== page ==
Faculty Status Committee Supplementary Report

Presented to the Executive Board on November 28, 2000


At the end of Spring Semester 1999 the Executive Board requested that the ad hoc Faculty Status Committee reconvene in order to consider several questions that had arisen since the committeeís original report was submitted to the Executive Board in September 1997. The committee solicited additional information from the Office of Human Resources, and then considered the questions individually, communicating via e-mail. The committeeís supplementary report follows, and individual membersí comments are appended. Members of the committee are Rick Moore (Chair), Tom Akins, Charles Brown, Chuck Donbaugh, Bill Sayle, Ed Thomas, and Marilyn Williamson.

Questions Addressed by the Committee

  1. Should we consider retroactive award of General Faculty status to people who were hired sometime in the past to positions which will now merit General Faculty status? At least one group of such employees has requested General Faculty status.
  2. Should employment rules for "Professional Classified Staff" (Statutes, be different in any way from those for other General Faculty? For example, General Faculty status seems to confer the right to consult one day per week. Is consulting an appropriate activity for "Professional Classified Staff?"
  3. Should Georgia Tech approach the Board of Regents and recommend that all Tech employees be permitted to participate in an Optional Retirement Plan?

Retroactive Award of Faculty Status

The committee believes that retroactive reclassification should be considered. Indeed part of one of the long term goals included in the 1997 committee report was a recommendation that titles of existing personnel and positions be reviewed to determine whether they should be changed to better reflect job function. Further, the committee recommended that the responsibility for such review should rest with individual units.

The potential cost of a large-scale retrospective change of status is a consideration that would need to be addressed. Presumably, increases in vacation accrual rates would be the most costly aspect for Georgia Tech of a change to faculty status for many individuals at the same time. The right to participate in faculty governance would not be costly to Georgia Tech. If retroactive changes become possible, procedures would need to be developed. These procedures should include justification by the supervisor for the change, and a statement of changes in benefits for the staff member together with a signed agreement by the unit head and the individual that the unit approves benefit changes and will bear any additional cost (e.g. for enhanced vacation accrual) through existing resources of the unit.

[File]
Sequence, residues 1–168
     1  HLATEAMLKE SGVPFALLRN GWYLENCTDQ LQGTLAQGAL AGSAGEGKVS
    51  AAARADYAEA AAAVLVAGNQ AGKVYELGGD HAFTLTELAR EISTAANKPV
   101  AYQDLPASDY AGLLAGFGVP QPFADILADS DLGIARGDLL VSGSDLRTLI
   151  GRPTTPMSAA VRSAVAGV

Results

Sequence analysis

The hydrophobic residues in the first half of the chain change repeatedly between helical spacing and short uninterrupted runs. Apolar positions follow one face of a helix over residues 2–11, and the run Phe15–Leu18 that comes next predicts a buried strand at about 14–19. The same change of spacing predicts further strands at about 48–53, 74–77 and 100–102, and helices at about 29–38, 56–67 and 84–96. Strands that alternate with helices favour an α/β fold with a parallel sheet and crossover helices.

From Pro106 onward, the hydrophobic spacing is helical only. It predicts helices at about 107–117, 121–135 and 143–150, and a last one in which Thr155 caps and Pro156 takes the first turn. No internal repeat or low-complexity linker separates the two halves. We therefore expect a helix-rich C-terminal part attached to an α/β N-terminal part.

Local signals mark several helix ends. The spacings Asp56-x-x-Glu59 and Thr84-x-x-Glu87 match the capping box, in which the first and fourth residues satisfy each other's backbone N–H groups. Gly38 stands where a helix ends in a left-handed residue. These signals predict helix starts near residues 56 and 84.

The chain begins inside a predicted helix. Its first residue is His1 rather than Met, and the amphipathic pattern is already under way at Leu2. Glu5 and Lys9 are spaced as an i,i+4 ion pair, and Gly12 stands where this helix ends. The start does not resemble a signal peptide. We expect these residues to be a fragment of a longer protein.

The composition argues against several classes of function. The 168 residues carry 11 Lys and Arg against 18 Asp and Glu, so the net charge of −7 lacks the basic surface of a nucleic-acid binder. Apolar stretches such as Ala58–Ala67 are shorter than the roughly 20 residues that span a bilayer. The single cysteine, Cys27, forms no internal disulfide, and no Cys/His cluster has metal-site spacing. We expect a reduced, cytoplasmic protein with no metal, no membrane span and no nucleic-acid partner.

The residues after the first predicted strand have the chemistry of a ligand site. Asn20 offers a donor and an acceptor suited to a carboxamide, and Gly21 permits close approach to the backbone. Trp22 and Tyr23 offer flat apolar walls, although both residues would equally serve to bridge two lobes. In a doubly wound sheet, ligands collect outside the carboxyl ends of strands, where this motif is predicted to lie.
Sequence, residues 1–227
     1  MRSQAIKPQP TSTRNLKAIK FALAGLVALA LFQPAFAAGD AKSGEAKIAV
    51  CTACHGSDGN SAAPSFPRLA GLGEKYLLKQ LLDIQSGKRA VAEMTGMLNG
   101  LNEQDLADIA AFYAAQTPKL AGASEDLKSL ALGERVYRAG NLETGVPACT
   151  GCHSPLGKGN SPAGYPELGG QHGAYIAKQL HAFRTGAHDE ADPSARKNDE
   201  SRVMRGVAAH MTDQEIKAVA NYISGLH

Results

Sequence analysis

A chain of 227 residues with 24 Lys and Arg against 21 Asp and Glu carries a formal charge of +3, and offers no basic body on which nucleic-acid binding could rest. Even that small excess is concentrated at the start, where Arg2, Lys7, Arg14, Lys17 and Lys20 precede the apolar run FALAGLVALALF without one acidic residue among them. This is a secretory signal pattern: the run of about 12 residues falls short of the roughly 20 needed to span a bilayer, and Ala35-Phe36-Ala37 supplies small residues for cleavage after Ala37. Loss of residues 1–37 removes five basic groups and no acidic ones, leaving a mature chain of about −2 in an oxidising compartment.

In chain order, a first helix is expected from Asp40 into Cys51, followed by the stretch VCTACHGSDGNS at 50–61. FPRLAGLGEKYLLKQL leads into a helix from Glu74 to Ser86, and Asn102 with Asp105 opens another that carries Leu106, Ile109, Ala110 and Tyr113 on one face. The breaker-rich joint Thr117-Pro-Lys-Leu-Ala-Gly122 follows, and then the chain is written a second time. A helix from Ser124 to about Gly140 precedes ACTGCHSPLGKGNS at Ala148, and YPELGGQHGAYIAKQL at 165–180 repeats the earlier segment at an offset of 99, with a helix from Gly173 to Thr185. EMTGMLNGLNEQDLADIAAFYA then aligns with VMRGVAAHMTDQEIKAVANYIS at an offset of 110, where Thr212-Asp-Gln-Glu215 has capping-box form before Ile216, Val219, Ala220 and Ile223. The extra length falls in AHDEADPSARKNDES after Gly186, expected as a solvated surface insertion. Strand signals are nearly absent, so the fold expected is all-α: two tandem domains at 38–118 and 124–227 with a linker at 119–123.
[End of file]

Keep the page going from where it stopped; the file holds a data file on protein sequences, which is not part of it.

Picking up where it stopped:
Employment Rules for Professional Classified Staff

This committee reaffirms that all members of the General Faculty should have the same perquisites insofar as Georgia Tech can provide them, and should work under the same employment rules. For example, if consulting is an appropriate General Faculty activity, then everyone in the General Faculty should be eligible and qualified to consult. Since consulting activities require permission of the supervisor, it does not seem likely that inappropriate participation in consulting would become a problem. As long as Georgia Tech determines through the professional nature of job requirements that an employee is a member of the General Faculty, there should be no difference in employment rules for any segment of the General Faculty.

Participation in Optional Retirement Plans

Questions about faculty status, and special requests for faculty status for new employees had increased over the years as Georgia Tech became a larger and more complex institution and as competition in hiring increased nationally. Pressure to clarify the meaning of faculty status increased, and requests that new employees receive faculty status became more numerous when the State of Georgia made Optional Retirement Plans possible for University System faculty members but not for classified staff. Even though faculty status has now been more clearly defined, there is still some perceived dissatisfaction with the availability of Optional Retirement Plans.

Some members of the committee suggest that Georgia Tech ask the Board of Regents to permit all employees to choose an Optional Retirement Plan if they so desire. (At least one member does not concur with this suggestion.) Many persons hired into staff positions at Georgia Tech are recruited on a nationwide basis, and the rigidity of the Teachers Retirement System is a substantial hindrance to effective recruitment. For this reason, we would ask that Optional Retirement Plans be made available to all incoming employees, faculty and staff alike; and the option should be extended to all existing employees as well, as long as they are not vested in TRS. At a minimum, employees who transfer from staff to faculty positions should be allowed to choose an Optional Retirement Plan if they are not vested in the Teachers Retirement System at the time of the transfer. Such a change is not now possible, and it may be perceived as an inequity by affected individuals.

The committee does not believe that the Board of Regents would respond affirmatively to such a request, but several of the members feel that the request should be made anyway as an expression of the presumed will of the faculty and staff. The minority view would include political and financial reasons for not making the request.

Appendix: Committee Membersí Individual Responses to the Questions:

Answers to Question 1:

Answers to Question 2:

Question 3: